School was all fine and dandy. We were taught all kinds of cool things like all that stuff about logarithms and how to find the area of a tetrahedron. These are all very useful life skills that we undoubtedly use every waking day of our lives. No single day goes by without us running into tetrahedrons that make us stop and try to calculate their area. Much as school covered a whole lot of useful stuff, there are still a number of things that ought to have been taught to us, to prepare us better for ‘the real world’.
Handling taxi conductors
Taxis are nice places to meet people you’ll never meet again in your life. They are also great places to show you just how unprepared school left you. After your awesome trip from crowded town towards your peaceful abode, you pay the taxi fare and you want to get out of the taxi. Since you are at the back of the taxi, you squeeze past a few people, go under an armpit, gently nudge a goat out of the way and disembark. The conductor then hands you Shs400 less than what your change should be. School doesn’t prepare you for this. You are well-dressed; the purple shoes you are wearing did not come cheap. How exactly are you supposed to man-handle the evil conductor man for your change? How much is too little to shake-down the evil man for?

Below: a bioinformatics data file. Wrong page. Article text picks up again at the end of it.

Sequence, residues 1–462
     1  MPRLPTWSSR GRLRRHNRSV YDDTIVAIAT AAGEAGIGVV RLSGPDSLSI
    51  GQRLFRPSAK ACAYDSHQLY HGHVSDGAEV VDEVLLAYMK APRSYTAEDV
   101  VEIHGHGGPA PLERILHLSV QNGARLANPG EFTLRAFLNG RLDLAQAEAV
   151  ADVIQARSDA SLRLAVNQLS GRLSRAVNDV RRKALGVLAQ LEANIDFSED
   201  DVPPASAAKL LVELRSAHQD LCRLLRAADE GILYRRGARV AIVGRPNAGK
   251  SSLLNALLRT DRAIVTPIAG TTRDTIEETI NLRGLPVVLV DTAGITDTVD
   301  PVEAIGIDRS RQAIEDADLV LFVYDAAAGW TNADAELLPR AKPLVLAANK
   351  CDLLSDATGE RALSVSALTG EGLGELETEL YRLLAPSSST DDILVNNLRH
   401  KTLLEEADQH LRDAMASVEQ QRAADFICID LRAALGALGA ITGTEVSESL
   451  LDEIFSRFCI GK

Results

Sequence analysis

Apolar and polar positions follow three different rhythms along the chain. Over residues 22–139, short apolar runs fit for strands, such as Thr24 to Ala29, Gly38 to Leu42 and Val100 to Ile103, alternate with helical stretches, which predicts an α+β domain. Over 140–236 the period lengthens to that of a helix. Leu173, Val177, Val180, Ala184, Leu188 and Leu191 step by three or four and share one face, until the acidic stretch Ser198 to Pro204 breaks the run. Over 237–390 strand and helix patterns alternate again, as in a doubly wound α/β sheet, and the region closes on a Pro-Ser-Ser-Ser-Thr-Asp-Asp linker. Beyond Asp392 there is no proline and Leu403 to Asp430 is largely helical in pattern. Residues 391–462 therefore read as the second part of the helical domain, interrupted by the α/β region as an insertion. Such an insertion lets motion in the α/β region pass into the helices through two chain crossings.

Handling tear gas
The average Ugandan will face tear gas three times before they are fifteen. I have no data to back that fact but my research team is out there doing the rounds. So with tear gas being a part of our reality, why aren’t we prepared for it? When walking down the street whistling your favorite Marc Anthony song and suddenly mayhem breaks out and tear gas is fired, what do you do? How do you run without looking like one of the miscreants? Do you kind of sashay as you run? Do you try to run stylishly? How do you flee while clearly distinguishing yourself as a tax-paying, law-abiding citizen? We need these things taught to us in school.
Handling security guards
A security guard is that person who has permission to grope you before granting you access to premises. The guards in Uganda take offence very easily.
“Sir, there’s nothing in the bag. See. (Unzipping the bag)”
“You think I cannot unzip for myself? You think I did not go to school?”
“Good morning Sir”
“What’s so good about the morning? You think I can’t see that it’s a good morning? You think I didn’t go to school?”
We need to be given skills on how to keep security personnel happy. Do we bow down? Kneel?
Published on Sunday October 2, 2011